by Byron Connolly

Australian CIOs reflect on a difficult year

Dec 03, 2020
IT Leadership

Tech leaders in the public and private sectors discuss how they have navigated one of the worst economic periods in recent memory.

Co-workers wear face masks while working at a dry-erase glass wall in a post-COVID office workspace.
Credit: Orbon Alija / Getty Images

2020 has been a challenging year for Australian technology chiefs. 

When the devastating COVID-19 pandemic hit in March 2020, CIOs and their teams working at organisations across every market sector quickly needed to provide technologies that would support workers heading home to stifle the spread of the virus.

In some industries, digital transformation programs were halted while in others, organisations saw an opportunity to ramp up their digitisation activities. Companies in the travel (cruises and airlines), fitness, and accommodation sectors, in particular, went into survival mode with their revenues impacted almost overnight.

Brett Winn of Blackmores

Brett Winn, who spent most of 2020 as chief information officer at Blackmores, said that during COVID, the organisation, which sells essential vitamin, mineral and nutritional supplements, was dealing with lockdowns across the 14 countries where it operates.

Winn, who this month moved into the CIO role at healthcare services, group, Healthscope, said the company did complete a sudden ‘lift and shift’ of around 1,400 corporate staff around the globe, including 800 at six offices in Australia, to home environments.

It was about making sure that people who could move home to do so and keeping our manufacturing and production staff as separated as much as we could from any corporate staff.

We were fortunate that years ago we got ahead of the game on Office365 and Teams deployments so the logistics of moving the business out of the office and into the home was more about behaviours, processes and controls than it was about lack of technology.”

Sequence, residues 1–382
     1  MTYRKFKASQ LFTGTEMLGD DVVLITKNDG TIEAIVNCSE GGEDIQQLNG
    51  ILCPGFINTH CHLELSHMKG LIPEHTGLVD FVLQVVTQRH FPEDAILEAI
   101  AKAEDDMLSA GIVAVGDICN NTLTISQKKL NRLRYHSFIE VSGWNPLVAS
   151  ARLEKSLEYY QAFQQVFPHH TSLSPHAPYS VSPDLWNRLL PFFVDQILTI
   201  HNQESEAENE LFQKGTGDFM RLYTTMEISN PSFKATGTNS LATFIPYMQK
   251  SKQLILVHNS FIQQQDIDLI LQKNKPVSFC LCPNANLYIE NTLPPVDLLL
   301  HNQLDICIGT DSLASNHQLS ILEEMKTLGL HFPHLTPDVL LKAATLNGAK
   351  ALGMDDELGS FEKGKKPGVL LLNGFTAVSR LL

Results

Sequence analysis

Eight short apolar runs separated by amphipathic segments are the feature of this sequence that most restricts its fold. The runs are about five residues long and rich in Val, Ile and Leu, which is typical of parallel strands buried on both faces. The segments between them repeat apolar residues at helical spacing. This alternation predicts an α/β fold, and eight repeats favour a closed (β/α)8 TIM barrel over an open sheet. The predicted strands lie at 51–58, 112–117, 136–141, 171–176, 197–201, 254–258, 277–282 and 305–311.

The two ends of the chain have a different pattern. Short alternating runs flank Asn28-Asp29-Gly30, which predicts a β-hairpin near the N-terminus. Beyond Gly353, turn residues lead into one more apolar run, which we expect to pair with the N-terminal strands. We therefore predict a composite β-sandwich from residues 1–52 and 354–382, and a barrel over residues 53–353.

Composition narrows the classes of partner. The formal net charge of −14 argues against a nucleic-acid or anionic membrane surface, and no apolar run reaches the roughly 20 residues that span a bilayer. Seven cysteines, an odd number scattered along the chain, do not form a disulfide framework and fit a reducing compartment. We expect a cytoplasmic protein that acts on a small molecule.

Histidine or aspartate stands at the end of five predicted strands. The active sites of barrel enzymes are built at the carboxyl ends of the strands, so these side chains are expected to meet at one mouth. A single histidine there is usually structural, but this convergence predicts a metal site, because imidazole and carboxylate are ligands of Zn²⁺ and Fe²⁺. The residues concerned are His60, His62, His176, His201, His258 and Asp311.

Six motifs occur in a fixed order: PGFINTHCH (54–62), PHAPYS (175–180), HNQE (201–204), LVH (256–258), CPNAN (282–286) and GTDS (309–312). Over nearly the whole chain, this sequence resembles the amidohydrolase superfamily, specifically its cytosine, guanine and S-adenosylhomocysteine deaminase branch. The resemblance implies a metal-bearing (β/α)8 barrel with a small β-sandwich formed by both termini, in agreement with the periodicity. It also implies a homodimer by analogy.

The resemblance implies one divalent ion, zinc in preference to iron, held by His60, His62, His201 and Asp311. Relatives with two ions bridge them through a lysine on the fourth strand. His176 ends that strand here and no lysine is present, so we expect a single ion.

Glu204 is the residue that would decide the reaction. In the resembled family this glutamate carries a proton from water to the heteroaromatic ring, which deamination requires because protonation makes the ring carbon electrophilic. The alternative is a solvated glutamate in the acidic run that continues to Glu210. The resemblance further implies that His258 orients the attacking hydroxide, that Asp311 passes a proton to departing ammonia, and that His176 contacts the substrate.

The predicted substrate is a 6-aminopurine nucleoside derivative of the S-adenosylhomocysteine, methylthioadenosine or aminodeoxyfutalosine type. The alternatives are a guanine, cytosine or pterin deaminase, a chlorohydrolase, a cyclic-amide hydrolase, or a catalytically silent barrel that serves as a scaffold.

Winn said Blackmores learned that staff could work from home effectively with outputs increasing across certain parts of the business during the pandemic.

The lessons learned were around the lack of [human] connectivity and the cross-pollination you get when you are walking the [office] hallways. I certainly found as a CIO that while my connection with the executive team, our board and my team was very good [using collaboration technologies], my ability to get an understanding of what was happening on the floor in the business on a day-to-day basis … I really lost that.

It didn’t hamper our ability to operate the business but as an executive team we were looking at how we retain those connections. It’s about creating meaningful engagements and make people feel like they are being heard.

Steve Hodgkinson of DHHS

The Department of Health and Human Services (DHHS) in Victoria rolled out full Office 365 functions to its 11,000 plus staff last year, which chief information officer Steve Hodgkinson said was fortunate timing for the rapid transition of almost all staff to remote working in March 2020. This move from office to home-based work was seamless for most staff, he said.

He said connectivity issues have been a persistent challenge for some staff this year either due to local public network constraints or home Wi-Fi inadequacies. This has led to the practice of people “turning off video” in meetings to improve audio quality which isn’t helpful.

A key effect of the pandemic has been to reveal, once and for all, the manifest failings of ‘old school’ on-premise ICT infrastructure and applications.

Cloud services, ubiquitously and securely available over the untrusted public network, have won the day in terms of utility, user experience, scaleability and operational resilience.